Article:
The United States economy regained traction strongly in the last three months of 2021, in a year marked by the strongest growth since 1984, confirming the full recovery of activity after the pandemic. Despite the slowdown suffered in the third quarter due to the impact of the delta variant and the global jam in the supply chains, the good performance of the economy in the last stretch of 2021 underpins the decision of the Federal Reserve to tighten its monetary policy in March. For the year as a whole, the economy grew by 5.7%, a particularly noteworthy figure when compared to the 3.4% contraction in 2020, which had been the biggest drop in 74 years.
In the last quarter of the year the economy grew by 1.7%. In annualized terms, it did 6.9%, almost triple that in the third quarter (2.3%). The acceleration in the last section was motivated by a rebound in exports, as well as by the replacement and investment in inventories and sustained consumer spending. In the fourth quarter, the cases of covid-19 caused restrictions and interruptions in the activity of businesses and companies in some states of the country, according to the first estimates of the Bureau of Economic Analysis (BEA, for its acronym in English).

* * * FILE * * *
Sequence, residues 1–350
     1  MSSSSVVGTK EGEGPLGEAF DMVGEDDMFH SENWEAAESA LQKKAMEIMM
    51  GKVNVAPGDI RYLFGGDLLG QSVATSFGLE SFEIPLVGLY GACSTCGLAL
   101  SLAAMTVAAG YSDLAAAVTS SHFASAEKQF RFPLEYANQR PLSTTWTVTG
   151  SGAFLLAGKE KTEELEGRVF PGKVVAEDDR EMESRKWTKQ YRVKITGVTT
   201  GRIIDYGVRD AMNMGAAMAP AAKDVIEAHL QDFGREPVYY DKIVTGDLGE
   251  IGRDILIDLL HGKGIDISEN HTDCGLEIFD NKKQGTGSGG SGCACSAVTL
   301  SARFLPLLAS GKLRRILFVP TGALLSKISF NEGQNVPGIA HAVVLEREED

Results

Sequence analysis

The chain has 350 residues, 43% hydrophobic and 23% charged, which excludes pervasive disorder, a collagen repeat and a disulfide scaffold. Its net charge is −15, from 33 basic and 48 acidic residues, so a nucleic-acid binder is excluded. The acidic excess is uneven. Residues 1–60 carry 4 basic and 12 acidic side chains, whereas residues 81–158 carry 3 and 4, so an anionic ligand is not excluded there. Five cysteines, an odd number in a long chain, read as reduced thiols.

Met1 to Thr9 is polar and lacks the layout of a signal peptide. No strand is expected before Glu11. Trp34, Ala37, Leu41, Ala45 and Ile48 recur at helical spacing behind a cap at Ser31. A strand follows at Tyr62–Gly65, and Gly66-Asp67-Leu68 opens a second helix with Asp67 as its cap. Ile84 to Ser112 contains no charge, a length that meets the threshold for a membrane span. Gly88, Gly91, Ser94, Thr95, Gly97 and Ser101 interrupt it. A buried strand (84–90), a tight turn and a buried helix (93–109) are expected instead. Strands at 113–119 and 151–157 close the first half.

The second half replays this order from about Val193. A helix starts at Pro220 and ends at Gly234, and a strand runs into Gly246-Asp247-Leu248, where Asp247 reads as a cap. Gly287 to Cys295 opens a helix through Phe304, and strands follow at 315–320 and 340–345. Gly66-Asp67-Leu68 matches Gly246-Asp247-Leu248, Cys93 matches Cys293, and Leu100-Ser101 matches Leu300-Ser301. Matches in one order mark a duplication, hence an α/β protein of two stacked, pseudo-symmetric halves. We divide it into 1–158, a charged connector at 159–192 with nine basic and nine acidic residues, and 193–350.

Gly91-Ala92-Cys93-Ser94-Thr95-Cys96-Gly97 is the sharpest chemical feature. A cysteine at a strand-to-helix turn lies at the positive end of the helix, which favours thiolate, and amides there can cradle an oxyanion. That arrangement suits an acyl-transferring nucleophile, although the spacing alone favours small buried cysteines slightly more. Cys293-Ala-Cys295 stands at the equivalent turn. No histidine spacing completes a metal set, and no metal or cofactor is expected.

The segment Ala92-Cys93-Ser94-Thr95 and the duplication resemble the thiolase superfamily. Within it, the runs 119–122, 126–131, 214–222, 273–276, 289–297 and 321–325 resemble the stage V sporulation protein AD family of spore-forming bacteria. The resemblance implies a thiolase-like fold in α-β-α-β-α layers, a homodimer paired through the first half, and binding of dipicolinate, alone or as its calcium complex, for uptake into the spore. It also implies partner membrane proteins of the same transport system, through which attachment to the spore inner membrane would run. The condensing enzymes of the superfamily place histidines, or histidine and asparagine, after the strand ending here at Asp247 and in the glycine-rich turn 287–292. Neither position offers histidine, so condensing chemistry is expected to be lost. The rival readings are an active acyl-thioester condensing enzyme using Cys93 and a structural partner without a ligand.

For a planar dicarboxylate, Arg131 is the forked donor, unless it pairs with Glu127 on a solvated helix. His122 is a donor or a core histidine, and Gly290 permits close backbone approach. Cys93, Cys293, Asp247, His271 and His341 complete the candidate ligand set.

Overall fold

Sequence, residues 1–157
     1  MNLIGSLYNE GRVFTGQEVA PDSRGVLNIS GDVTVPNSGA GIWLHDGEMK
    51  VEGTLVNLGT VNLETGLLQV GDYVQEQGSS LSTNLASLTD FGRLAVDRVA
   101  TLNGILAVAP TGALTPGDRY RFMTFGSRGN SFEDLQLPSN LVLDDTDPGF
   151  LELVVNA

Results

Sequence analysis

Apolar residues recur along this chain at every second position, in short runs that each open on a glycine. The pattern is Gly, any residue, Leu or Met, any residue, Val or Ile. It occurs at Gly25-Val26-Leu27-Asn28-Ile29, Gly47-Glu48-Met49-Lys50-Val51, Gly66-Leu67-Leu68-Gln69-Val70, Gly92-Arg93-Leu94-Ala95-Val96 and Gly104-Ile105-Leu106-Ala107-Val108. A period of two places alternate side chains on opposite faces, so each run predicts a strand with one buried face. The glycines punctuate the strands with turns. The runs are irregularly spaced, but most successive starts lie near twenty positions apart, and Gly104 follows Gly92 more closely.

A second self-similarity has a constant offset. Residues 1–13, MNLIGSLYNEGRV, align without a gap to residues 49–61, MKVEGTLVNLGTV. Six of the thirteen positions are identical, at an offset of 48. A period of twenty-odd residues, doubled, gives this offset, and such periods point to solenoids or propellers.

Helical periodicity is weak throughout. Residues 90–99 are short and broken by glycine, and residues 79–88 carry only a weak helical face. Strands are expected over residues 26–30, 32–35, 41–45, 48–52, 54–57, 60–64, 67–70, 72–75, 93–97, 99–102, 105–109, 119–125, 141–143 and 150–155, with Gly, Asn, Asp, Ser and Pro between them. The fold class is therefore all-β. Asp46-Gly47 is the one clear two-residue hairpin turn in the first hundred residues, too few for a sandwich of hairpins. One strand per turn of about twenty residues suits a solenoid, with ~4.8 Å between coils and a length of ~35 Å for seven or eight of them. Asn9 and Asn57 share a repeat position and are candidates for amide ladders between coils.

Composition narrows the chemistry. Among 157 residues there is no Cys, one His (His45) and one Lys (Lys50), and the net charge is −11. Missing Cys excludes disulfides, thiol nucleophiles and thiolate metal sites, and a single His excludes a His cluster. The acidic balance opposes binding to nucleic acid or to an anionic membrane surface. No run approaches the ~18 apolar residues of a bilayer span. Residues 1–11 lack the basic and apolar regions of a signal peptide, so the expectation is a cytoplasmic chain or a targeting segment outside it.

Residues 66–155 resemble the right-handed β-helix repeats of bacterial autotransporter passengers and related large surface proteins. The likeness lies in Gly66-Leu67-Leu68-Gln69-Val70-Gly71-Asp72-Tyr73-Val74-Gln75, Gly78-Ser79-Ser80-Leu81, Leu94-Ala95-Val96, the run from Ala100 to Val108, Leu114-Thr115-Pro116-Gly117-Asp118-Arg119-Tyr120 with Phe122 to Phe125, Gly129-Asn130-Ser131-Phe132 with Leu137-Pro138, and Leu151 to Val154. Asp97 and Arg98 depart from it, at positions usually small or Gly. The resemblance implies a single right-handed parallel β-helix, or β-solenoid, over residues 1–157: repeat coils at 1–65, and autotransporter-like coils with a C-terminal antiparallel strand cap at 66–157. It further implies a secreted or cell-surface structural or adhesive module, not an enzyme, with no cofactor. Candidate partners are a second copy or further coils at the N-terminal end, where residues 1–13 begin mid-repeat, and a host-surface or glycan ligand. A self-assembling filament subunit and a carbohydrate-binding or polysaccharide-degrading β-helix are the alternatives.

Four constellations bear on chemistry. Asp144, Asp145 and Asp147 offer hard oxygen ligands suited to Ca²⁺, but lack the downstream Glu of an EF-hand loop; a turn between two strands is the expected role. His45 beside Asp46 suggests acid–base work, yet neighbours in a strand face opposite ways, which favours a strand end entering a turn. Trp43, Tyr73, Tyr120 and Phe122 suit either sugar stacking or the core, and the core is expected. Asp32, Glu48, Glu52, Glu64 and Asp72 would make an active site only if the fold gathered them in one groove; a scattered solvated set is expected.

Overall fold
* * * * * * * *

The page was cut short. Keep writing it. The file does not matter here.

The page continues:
The White House has welcomed the results. “It is the fastest economic growth in almost four decades, in addition to the largest job creation in US history. And, for the first time in 20 years, our economy has grown faster than China’s,” said the president. Joe Biden in a statement. Annual growth has even exceeded the expectations of the Federal Reserve (Fed) and the IMF, which forecast a rise of 5.5% and 5.6%, respectively. For the first quarter of 2022, however, a slowdown is expected as a result of the impact of the omicron variant on the labor market and the consequent disruption of economic activity